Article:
Kyrou, who at 24 is next in line for a big contract. He, like Thomas, will be entering the final year of a $2.8 million bridge deal and will get a big increase in pay; he also set career highs in goals (27), assists (48) and points (75). 

"Yeah, I really believe and, I've told both of those players that … we haven't talked to Jordan on this yet … but moving forward, Robert and Jordan they are and they're becoming more and more the alpha males and the game is trending towards that," Armstrong said. "I think Kyrou, you saw what he did last year, heeds to be a top player for us, to be a top franchise. The question might be well, why Robert before Jordan, like the old analogy, like how do you get the horses back in the barn? One at a time. So we got one horse back in the barn and now we'll go to work."

The Blues, who are strapped by the flat salary cap that increased by $1 million to $82.5 million this season, felt they had to solidify their defense, particularly the left side, stayed within and re-signed Nick Leddy to a four-year, $16 million ($4 million AAV) contract.

The Blues, who acquired Leddy and Luke Witkowski at last year's trade deadline from the Detroit Red Wings for Oskar Sundqvist, Jake Walman and a 2023 second-round pick, hit the free agent market at 11 a.m. Wednesday after finishing off a seven-year, $38.5 million contract signed with the New York Islanders in 2015. But the 31-year-old chose to remain in St. Louis, where he had two goals and eight assists in 20 regular-season games down the stretch and a goal and four assists in nine playoff games.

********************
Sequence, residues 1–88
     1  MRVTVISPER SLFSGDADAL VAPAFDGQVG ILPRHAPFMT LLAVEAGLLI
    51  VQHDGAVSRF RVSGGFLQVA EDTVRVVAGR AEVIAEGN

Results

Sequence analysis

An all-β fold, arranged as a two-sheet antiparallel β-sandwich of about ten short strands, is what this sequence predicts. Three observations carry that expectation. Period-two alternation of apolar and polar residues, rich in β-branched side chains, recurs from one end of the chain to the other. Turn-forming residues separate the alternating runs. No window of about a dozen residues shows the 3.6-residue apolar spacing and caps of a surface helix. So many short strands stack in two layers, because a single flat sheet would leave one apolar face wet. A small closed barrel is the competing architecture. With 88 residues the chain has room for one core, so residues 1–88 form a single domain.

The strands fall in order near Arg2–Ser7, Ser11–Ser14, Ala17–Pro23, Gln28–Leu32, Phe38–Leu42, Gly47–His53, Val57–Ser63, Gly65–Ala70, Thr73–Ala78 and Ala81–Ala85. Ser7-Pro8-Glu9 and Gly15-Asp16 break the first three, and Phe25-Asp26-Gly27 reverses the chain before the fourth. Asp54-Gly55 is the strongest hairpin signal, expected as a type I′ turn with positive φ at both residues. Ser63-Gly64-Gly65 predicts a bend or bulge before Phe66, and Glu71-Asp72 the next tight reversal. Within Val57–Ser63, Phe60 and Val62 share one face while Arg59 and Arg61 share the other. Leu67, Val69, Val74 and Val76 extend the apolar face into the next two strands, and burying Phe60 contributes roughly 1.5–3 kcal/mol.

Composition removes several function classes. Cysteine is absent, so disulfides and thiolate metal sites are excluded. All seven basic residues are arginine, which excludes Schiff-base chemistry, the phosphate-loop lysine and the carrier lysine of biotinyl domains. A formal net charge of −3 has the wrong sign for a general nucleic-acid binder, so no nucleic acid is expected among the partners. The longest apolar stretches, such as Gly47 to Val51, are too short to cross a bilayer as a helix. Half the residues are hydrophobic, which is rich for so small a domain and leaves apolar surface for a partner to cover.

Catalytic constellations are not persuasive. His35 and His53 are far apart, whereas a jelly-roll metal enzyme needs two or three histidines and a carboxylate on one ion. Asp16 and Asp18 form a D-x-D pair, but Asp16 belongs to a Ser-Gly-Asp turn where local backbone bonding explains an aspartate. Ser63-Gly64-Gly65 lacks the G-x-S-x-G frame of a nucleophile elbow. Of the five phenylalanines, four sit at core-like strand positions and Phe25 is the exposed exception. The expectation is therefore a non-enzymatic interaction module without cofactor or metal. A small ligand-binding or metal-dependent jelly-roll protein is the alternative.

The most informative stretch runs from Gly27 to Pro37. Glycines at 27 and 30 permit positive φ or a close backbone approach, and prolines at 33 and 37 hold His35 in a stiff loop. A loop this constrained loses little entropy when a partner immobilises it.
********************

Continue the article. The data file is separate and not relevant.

"I think solidifying our top four on defense was very important for us," Armstrong said. "I was very comfortable with the seven D that we had last year before we got Nick and became a little bit better balanced team with Nick and we're happy to have him back too. It's a jigsaw puzzle that's always moving. You have to make hard decisions and this is the most uncomfortable time as a manager is making hard decisions. I date myself back to my Dallas days and it was a lot better for me as a manager and a lot worse as the owner when there was no budget because I could just say 'yes' all the time. Now I have to make more decisions.